This has created an asset of environmental alcove to which local plants and animals have adapted in a remarkable number and variety of ways and still flourishing. There are, more than 46 species of rhododendron, 770 species of mushrooms, 780 species of birds have evolved, considering the size of the country as same size as Switzerland. Bhutan is a dwelling for exotic mammals such as takin (a large, musk-ox-like animal), clouded leopards and red pandas. Bird species range from the cutia and boreal owl to the tiny black-throated parrotbill. Bhutan is a country full of natural wonders where people and nature live in harmony and respect each other.

One of the most striking physical features of Bhutan is its architecture. The characteristic style and colour of every building and house in the Kingdom is a distinct source of aesthetic pleasure. The Dzongs – themselves, imposing 17th century structures built on a grand scale without the help of any drawing and nail – are outstanding examples of the best in Bhutanese architecture. Patterns of rich colours adorn every wall, beam, pillar, door in traditional splendor.
Like its architecture, Bhutan’s art and painting are important aspects of Bhutanese culture and they depict the spiritual depth of Bhutanese life. Whether it is on a wall, or one of the renowned Thangkas or murals, painters use vegetable dyes to give their work the subtle beauty and warmth seen nowhere else in the world.

Bhutan also boasts an unparalleled wealth in its cottage industry. Its fine handicrafts of wood and bamboo, ornaments of gold and silver, and highly developed weaving skills represent an advanced art form.

One of the main attractions in the Kingdom is its annual religious festivals known as TSHECHUS, celebrated to honor Guru Padmasambhava also known as “Guru Rimpoche”. For local people, Tshechu is an occasion for reverence and blessing, feasting and socializing. Two of the most popular Tshechus are held at Paro in the spring and Thimphu in the autumn, but there are various others all the year round at temples, dzongs and monasteries throughout Bhutan. Staged at different places at different times of year, it provides an opportunity for our clients to experience its unique and extraordinary charm.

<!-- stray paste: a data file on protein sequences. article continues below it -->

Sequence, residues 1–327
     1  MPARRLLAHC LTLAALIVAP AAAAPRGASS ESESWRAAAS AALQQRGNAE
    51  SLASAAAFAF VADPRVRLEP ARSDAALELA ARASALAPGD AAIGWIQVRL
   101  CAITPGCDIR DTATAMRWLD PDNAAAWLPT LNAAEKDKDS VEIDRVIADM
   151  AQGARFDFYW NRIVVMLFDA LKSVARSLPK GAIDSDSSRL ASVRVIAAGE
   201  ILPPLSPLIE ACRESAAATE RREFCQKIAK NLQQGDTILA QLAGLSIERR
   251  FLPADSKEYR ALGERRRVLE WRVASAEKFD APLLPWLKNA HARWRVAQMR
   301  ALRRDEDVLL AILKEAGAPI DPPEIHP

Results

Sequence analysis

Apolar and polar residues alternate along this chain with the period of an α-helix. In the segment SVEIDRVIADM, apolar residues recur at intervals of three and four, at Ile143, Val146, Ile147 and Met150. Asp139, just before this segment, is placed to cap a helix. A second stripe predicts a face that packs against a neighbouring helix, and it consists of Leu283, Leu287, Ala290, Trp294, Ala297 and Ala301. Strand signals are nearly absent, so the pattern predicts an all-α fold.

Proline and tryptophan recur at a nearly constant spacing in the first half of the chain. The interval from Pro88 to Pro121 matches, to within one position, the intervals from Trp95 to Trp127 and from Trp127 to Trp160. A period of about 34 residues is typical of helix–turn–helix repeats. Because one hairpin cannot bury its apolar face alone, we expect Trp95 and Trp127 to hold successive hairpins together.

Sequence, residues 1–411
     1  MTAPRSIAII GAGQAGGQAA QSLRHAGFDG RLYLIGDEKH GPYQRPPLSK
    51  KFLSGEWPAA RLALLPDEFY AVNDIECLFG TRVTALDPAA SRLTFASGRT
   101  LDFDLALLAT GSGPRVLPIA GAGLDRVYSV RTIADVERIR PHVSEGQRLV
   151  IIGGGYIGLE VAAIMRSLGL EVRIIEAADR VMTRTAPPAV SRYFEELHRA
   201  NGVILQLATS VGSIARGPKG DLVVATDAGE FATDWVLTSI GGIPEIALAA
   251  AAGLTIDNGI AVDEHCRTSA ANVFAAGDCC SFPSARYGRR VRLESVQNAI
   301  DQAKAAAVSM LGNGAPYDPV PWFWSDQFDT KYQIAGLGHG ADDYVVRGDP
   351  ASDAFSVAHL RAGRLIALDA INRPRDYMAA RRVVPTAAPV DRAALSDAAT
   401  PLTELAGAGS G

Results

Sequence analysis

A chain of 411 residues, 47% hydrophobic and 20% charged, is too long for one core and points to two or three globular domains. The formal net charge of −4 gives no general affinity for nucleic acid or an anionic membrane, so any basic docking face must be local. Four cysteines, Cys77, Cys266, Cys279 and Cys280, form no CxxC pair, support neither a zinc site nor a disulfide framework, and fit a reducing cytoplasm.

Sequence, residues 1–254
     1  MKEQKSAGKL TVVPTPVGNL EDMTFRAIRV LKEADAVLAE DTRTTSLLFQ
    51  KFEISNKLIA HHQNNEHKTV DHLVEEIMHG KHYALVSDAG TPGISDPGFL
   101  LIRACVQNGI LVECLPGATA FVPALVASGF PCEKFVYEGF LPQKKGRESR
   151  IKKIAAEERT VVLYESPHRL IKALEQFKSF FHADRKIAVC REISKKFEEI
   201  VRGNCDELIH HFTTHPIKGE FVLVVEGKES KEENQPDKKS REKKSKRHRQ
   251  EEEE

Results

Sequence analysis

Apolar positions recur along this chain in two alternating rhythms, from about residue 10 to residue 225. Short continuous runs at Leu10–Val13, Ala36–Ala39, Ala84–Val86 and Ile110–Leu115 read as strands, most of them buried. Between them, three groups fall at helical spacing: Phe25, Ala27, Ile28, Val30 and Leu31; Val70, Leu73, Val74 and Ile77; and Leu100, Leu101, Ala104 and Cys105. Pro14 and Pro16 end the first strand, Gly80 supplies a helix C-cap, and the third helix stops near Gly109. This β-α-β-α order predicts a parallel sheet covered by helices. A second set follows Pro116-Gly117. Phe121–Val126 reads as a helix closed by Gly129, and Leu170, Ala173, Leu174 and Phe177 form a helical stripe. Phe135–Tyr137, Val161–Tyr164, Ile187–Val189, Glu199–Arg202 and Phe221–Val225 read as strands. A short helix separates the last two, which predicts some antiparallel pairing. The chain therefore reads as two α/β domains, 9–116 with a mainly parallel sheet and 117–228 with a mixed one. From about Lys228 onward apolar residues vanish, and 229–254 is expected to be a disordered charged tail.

Though Bhutan has four distinct seasons, it is hard to generalize the weather since mountain climate varies enormously from one region to another. It varies with the altitute and can reach extremes of heat and cold within a day’s travel. Depending on the altitude, you may be freezing on top of a pass and 2 hours later you may be sweating in a sub-tropical jungle.

The central valleys, where most cultural tours take place (Paro, Thimphu, Punakha, Wangdi, Tongsa, Bumthang, Mongar, Tashigang, Lhuntse)

Best seasons to visit this region are: spring and autumn. In gerneral, valleys of Punakha, Wangdi, Mongar, Lhuntse and Tashigang with relatively lower altitude are warmer than the other valleys in this region.

Spring lasts from mid March to mid June with temperatures warming gradually to 20-25 degree celcius by day and 12 degree celcius by night. This is one of the most beautiful time of the year as the whole kingdom comes to life with the spectacular flaming red, pink and white of the rhododendron, magnolia and numerous other wildflowers in bloom.

Autumn, which lasts from mid September to mid December, is possibly the most rewarding time to visit Bhutan. The days remain lovely with crisp clear skies. Visitors can enjoy stunning views of snow-capped Himalayan mountains, particularly during the month of November and December. In October and November, a riot of color envelopes the valleys of Paro, Thimphu, Punakha, Mongar and Lhuntse – the gold of ripe rice paddy in the fields is splashed with the pink of wild cosmos, and all the grey shingle roofs of farmhouses have red chillies drying on them. Higher up in the valleys of Bumthang, Rukubji and Haa, the fields are now a brilliant patchwork of pink buckwheat, yellow mustard and crimson amaranth. During this time, the temperature remains 20-25 degree Celsius during the day and drops to 8-10 degree Celsius by night.

Winters are quite dry with some snow and lot of sunshine. During sunny days, in most valleys, the daytime temperatures remains between 12 and 16 degree Celsius, while evenings and mornings are very cold.
Clear skies in winter months are the best time to view the snow-covered peaks of the high Himalayan mountains.

In Summer, from mid June to August, most valleys in this region receive abundant rain. However, in most valleys in this region, the rain falls mainly in the late evenings and at night. Temperature in most valleys remains between 28-32 degree Celsius during the day and 18-20 degree Celsius at night. Sun often comes out from behind the clouds and the days are very pleasant.

Northern region – where most treks take place (Laya, Lunana, Lingshi)

This high altitude region on the slopes of the high Himalayan ranges, inhabited between 3,500 and 5,000 meters, is characterized by harsh climate with continues snow during the winter months from December to mid March. By end of November, most passes that connect these regions with the lower central valleys remain closed by snow.